Evaluation of Intensified Prehospital Treatment in Out-of-Hospital Cardiac Arrest: Survival and Cerebral Prognosis
Frandsen F. · Nielsen J.R. · Gram L. · Larsen C.F. · Jørgensen H.R.I. · Hole P. · Haghfelt T.
The Odense Ambulance Study
Departments of Cardiology, Anaesthesiology, and Orthopaedic Surgery and Accident Analysis Group, University Hospital of Odense, Denmark
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Article / Publication Details
During a period of 3 years three different types of emergency medical service (EMS) systems were evaluated in a city with about 238,000 inhabitants/population density of 570/km2. Included were 393 out-of-hospital cardiac arrest patients in whom prehospital cardiopulmonary resuscitation was provided by personnel on basic, intermediate, or advanced care training. When ordinary ambulances (basic EMS) were used, 8 (5%) patients were discharged alive. When ambulances with specially trained paramedics (intermediate EMS) were used, 2 (1 %) patients were discharged. Finally medically staffed ambulances with doctors collaborating (advanced EMS) were used, and 11 (13%) patients were discharged. The intermediate EMS system was used in another area with 45,000 inhabitants/population density of 340/km2, and in this area 20 (18 %) patients were discharged. Among the survivors a psychological assessment in form of a test for dementia was assessed in long-term survivors (n = 30) together with 28 patients surviving acute myocardial infarction and 11 control persons. The results of the investigation demonstrate that the more intensive the prehospital treatment of out-of-hospital cardiac arrest, the more patients survive and the more patients survive with good cerebral function. However, the ambulances with specially trained paramedics were only effective in the area with 340 inhabitants/km2.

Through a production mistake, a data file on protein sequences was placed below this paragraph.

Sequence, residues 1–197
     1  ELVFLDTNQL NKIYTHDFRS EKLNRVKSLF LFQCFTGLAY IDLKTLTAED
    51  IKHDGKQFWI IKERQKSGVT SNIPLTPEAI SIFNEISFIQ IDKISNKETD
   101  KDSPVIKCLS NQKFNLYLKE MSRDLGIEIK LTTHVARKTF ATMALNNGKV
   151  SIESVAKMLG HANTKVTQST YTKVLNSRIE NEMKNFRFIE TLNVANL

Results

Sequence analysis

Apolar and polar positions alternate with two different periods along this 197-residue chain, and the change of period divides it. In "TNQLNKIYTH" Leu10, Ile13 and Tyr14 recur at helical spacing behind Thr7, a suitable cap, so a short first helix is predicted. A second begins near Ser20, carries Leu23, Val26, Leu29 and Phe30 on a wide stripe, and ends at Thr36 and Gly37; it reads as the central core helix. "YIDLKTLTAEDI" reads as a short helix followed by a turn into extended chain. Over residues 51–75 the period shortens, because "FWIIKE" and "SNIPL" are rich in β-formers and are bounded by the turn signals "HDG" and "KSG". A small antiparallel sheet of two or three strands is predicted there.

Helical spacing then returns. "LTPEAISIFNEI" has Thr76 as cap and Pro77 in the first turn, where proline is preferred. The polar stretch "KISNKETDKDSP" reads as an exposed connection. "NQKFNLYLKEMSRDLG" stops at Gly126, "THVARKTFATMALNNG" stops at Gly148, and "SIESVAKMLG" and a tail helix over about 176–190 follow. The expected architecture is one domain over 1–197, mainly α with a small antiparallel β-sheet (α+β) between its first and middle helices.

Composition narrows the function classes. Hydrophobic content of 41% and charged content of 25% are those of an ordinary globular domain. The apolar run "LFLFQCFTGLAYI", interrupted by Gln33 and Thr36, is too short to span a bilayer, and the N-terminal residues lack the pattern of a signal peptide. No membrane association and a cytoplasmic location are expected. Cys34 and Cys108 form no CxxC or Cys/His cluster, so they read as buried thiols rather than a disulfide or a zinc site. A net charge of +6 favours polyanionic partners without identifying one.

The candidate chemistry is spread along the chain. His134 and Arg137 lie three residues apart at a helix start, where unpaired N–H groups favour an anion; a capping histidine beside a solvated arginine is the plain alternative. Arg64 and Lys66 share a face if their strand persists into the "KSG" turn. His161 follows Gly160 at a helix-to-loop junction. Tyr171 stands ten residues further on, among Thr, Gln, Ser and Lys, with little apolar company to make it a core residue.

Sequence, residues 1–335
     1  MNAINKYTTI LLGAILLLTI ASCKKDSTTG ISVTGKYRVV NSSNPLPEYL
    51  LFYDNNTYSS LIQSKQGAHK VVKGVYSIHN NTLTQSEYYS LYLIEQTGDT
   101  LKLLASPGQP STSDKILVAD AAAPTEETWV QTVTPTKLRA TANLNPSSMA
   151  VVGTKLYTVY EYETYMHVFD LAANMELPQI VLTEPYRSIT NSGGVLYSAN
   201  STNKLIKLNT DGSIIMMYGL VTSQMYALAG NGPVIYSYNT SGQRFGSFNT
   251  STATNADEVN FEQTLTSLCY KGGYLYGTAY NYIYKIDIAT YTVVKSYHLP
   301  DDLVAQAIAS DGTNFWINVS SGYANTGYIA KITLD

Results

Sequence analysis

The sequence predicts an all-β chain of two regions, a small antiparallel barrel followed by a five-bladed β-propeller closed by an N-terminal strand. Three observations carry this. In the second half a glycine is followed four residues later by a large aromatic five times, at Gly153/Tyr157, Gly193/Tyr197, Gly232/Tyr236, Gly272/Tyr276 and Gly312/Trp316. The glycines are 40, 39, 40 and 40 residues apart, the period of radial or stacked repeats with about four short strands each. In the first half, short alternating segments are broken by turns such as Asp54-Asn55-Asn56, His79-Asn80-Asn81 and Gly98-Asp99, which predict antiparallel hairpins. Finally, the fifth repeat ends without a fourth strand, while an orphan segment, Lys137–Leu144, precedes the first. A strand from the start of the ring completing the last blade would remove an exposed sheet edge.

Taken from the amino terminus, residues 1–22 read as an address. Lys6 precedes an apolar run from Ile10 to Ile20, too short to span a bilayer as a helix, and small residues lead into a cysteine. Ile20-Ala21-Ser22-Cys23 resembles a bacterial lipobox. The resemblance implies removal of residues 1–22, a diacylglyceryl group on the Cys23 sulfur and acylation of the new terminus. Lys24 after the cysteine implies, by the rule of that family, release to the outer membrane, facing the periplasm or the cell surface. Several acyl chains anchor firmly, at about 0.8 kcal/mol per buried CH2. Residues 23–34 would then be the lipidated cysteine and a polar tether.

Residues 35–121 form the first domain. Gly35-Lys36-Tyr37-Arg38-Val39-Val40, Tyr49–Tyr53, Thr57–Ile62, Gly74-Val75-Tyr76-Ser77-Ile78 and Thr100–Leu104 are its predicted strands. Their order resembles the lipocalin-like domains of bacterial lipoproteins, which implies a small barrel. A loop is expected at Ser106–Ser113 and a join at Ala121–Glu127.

© 1991 S. Karger AG, Basel
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